The history of Endeavour begins on January 28, 1986, when the space shuttle Challenger broke apart 73 seconds into its flight from Cape Canaveral, leading to the deaths of all seven crew members. The disaster was a grim day in NASA’s history, but engineers got to work quickly on a replacement. They had parts left over from the construction of Discovery and Atlantis, and all their new shuttle needed was a name. In a nationwide contest, school children came up with "Endeavour," the name of the ship Captain James Cook sailed to the Sandwich Islands in the 1700s.
The Endeavour space shuttle was built in four years, and flew out on its first mission, STS-49, on May 7, 1992. Ken Phillips, California Science Center’s aerospace curator, says it made history on its maiden voyage.
"By the time Endeavour flew, it was an extremely aggressive mission," says Phillips. "They had to rescue a stray satellite, bring it into the payload bay, repair it, and release it. And the mission was touch and go. They couldn't get the satellite to cooperate initially, so they had to improvise and create an effective way to do it, which they did."
After its first mission, Endeavour racked up a series of accomplishments, including becoming the first shuttle to make a repair mission to NASA's Hubble Space Telescope, and the first shuttle to deliver an American module to the International Space Station. Endeavour was also the first shuttle to carry a female African-American astronaut, Mae Jemison.
"From Endeavour's maiden voyage," says Phillips, "it did some pretty amazing things - in our opinion some of the most iconic missions ever flown in the shuttle program."
Endeavour was retired last year, when NASA ended the shuttle program after 30 years and 135 missions.
Phillips says Endeavour could have done much more.
"I look at it like this: when you buy a brand new Ferrari, it's rated for 100,000 miles on the engine. Then you put on 20,000 miles and somebody takes it away from you. Endeavour is a pristine, space-worthy vehicle, retired well short of the 100 flights that each of the orbiters was built to fly.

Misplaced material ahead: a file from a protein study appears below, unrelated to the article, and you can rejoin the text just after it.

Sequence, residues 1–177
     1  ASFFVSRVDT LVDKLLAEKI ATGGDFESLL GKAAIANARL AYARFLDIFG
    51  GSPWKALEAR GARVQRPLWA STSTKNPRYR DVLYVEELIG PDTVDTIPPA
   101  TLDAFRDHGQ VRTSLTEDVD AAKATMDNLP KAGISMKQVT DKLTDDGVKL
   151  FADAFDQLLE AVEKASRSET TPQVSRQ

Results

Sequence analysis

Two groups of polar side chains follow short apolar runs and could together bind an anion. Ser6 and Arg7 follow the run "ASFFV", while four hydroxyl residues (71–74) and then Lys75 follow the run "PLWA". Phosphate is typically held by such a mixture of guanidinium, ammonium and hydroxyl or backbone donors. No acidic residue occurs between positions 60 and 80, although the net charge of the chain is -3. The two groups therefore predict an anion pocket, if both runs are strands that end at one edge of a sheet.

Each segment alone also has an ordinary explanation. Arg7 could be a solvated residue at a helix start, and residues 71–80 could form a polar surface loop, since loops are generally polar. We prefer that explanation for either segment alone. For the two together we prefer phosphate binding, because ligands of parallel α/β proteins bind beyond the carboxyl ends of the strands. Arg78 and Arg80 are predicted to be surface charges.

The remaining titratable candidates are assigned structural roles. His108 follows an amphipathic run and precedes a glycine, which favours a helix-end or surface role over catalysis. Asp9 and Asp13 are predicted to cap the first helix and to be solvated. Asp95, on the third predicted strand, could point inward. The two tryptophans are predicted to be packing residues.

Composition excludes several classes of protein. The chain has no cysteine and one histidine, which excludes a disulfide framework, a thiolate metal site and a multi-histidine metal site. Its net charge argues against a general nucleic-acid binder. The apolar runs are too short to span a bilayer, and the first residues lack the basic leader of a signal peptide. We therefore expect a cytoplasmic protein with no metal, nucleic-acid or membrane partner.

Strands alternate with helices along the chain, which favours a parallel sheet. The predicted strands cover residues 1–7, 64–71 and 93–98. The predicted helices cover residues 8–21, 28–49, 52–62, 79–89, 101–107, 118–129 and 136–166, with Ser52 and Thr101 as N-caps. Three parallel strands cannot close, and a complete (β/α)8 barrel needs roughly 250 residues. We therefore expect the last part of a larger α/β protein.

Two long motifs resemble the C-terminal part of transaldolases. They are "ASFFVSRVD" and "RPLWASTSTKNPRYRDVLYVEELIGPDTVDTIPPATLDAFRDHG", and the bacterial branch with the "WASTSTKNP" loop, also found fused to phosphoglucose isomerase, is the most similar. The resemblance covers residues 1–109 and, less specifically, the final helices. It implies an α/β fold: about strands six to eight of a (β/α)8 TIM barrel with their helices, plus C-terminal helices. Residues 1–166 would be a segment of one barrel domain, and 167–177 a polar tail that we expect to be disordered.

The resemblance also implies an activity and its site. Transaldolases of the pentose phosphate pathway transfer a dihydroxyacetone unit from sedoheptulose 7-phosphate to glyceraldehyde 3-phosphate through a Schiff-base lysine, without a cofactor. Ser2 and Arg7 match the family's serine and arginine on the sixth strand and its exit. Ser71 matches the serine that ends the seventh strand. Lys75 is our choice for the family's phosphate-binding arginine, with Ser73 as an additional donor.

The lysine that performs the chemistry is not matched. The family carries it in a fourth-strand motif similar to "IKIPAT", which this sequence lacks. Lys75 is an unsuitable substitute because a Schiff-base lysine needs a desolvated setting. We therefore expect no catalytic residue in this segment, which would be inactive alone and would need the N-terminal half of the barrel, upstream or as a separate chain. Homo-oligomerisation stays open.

"But NASA is by no means out of business," says Phillips. "The reason the space shuttle was moth-balled is because NASA doesn't have the funding to maintain the shuttle as the main vehicle to get from the surface of Earth to low-earth orbit. So they farmed out the low-earth-orbit to the commercial sector. And then NASA is free - which is their dream and mission - to go for more aggressive, deep space, exciting stuff, and ultimately build up to a human crew that lands on Mars."
In the meantime, Endeavour will be turned into an exhibit at the California Science Center. If all goes well, in five years a specially-designed wing will house the shuttle, which will be mounted vertically, with real solid rocket boosters, an external fuel tank, and a reproduction gantry so viewers can get as close to its history as possible.
"It’s an incredible teaching tool," says Phillips. "It has absolutely every wear and tear mark revealing what it went through, the various phases of flight. It's unlike anything in our collection, and unlike anything that all but Smithsonian and a few other places like Kennedy Space Center have. It's an amazing artifact."
For all of our Endeavour coverage, go to kpcc.org/shuttle